It’s a lovely story, but what really makes this book special is the artwork. Rather than being pencilled and inked on paper or in photoshop, each page of Space Cadet is drawn on scratchboard—like the stuff you get in the ‘Create your own etching of a tiger cub’ kits. The means that each page has a wonderful illuminated quality, even though the illustration style is relatively simple.
Included inside the cover for Space Cadet is a soundtrack to accompany the story, which I listened to it on my first read through. The crackly, warm music, combined with the monochrome artwork enhanced the nostalgic mood of the story, and at times made me feel like I was watching an old black and white film.
The one problem I encountered with the music was that I wasn’t very good at fitting my reading speed to the pace of the soundtrack. The length of the tracks didn’t really correspond to any certain number of pages; some sections were 2 pages long and had a 3-minute track accompanying them, whereas other sections were 10 pages long but only had a 1-minute track to go with them. This meant I either finished a section of pages too soon (and had to skip ahead) or had to rewind while I finished reading.
But don’t let my struggles with the soundtrack put you off. This is a wonderful book, from a talented creator with a clear vision of the story that he is trying to tell.
Studio Ghibli Nisshin Commercial
I was looking for a commercial for the new studio Ghibli film, but found this instead. It was a nice surprise.
The Girl and the Fox
Seriously pretty silent animation from the production company Base14 and Tyler Kupferer. Telling the story of a young girl who must hunt down a mysterious fox that has been killing her family’s livestock, The Girl and The Fox reminded me of the fox sprits that are found so often in japanese fairy tales.
The quality of this animation is all the more impressive considering that Kupferer directed this as part of his college course.
This week I watched Thor: Tales from Asgard, a straight-to-video animation from Marvel, which follows young Thor and Loki and the Warriors Three in an adventure against the frost giants.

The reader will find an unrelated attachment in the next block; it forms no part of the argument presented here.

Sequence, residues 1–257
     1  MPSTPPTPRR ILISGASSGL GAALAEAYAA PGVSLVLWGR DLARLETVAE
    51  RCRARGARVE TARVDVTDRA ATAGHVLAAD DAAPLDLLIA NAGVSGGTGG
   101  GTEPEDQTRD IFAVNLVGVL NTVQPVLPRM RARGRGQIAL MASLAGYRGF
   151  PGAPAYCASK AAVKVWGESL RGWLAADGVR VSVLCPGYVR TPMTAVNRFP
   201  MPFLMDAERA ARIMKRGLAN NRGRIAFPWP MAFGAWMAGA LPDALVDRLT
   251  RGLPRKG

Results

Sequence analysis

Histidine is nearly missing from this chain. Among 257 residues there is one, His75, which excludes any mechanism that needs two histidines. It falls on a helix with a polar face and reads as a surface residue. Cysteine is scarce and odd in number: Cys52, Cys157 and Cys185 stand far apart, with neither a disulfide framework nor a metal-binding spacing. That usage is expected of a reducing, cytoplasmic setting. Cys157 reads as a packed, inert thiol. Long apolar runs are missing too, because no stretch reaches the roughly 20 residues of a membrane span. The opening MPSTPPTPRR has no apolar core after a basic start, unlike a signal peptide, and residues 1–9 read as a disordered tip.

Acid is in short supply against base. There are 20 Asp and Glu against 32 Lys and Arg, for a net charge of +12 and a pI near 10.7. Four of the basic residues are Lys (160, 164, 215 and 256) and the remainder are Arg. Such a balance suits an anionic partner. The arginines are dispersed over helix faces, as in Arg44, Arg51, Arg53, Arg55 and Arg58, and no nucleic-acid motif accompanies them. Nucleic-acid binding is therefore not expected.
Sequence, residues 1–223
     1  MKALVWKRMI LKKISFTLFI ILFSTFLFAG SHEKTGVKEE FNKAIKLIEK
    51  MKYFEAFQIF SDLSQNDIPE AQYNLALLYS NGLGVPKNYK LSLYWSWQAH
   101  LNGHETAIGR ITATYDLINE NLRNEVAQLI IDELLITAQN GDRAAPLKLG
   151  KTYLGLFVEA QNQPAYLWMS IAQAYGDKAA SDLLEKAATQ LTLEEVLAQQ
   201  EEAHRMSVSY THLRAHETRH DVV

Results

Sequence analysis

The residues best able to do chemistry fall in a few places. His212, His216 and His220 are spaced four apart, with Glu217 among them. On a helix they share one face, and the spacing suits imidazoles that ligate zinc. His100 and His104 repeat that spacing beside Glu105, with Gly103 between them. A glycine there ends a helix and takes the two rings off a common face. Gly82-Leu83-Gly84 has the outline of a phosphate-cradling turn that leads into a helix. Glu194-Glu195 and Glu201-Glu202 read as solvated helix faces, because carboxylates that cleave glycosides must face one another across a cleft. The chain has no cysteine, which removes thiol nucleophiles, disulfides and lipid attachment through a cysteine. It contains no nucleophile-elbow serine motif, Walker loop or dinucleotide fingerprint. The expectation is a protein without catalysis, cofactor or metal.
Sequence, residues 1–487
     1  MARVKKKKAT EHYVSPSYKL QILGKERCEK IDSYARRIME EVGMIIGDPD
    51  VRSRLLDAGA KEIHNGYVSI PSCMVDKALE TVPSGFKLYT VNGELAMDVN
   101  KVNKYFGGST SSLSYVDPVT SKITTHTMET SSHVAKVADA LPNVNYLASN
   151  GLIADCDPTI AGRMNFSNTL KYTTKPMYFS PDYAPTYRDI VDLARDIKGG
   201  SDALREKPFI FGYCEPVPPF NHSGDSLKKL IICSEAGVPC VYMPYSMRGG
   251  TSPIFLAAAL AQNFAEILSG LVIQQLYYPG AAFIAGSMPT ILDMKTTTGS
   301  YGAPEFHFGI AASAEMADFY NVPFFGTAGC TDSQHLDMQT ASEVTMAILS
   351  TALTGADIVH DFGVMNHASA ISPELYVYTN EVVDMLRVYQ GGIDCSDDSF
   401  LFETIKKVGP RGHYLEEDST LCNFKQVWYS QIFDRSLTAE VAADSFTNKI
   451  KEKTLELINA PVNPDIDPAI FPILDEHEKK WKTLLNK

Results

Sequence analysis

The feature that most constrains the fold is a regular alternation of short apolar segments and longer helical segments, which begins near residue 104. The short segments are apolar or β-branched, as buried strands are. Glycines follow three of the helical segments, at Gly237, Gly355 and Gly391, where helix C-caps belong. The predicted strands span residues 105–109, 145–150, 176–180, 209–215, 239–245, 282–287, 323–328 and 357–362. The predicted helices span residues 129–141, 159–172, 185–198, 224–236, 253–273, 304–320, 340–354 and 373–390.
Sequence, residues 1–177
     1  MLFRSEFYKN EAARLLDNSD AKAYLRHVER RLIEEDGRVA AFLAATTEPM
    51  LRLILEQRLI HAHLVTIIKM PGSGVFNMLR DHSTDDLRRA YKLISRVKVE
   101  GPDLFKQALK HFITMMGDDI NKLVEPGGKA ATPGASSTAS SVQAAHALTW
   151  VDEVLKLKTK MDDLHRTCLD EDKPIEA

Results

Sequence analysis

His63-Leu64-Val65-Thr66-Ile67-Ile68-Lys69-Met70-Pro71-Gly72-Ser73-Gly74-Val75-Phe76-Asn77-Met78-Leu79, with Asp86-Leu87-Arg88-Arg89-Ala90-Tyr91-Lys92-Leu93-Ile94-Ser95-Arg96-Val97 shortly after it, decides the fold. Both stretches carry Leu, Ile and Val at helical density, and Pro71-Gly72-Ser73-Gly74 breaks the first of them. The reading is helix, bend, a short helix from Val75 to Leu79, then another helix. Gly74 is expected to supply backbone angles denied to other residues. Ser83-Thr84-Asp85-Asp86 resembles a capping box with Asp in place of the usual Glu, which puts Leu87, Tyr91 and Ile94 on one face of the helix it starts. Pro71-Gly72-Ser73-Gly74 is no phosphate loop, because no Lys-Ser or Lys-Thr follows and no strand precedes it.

Written by X-men evolution scribe Greg Johnson, Thor: Tales from Asgard begins with the young demi-god training against his father’s warriors in a public arena. When Thor discovers that his opponents are letting him win, he decides to prove his real worth as a warrior by finding the Sword of Sutur. Knowing his father will never let him go, Thor stows away with Loki on a boat with the Warriors Three in order to pursue his quest. Things do not go to plan, however, when the first stop the Warriors Three make is at the local pub.
I hoped this was going to be a good introduction to the main characters of the Thor world before I work through the Secret Invasion and Thor 600 comics that Jay has recommended, and I really enjoyed it. Some of the voice acting is a little hit and miss, but like all of the work that Lionsgate do with Marvel, the animation and the art more that make up for it.
Definitely a nice way to pass a rainy jubilee afternoon, if you don’t fancy watching Rolf Harris.
Beyond (The Animatrix)
ITV has been showing The Matrix this week, so I thought I’d post a link to this brilliant animated short from The Animatrix.
Beyond is written and directed by Koji Morimoto, and is set somewhere in between the first and second installments of the trilogy. It ALWAYS makes me want to move back to Japan and get a cat, every single time I see it.
Dragon (Sucker Punch Animated Short)
One of four animated short films from Sucker Punch director Zack Snyder and animator Ben Hibon. This one is my favourite!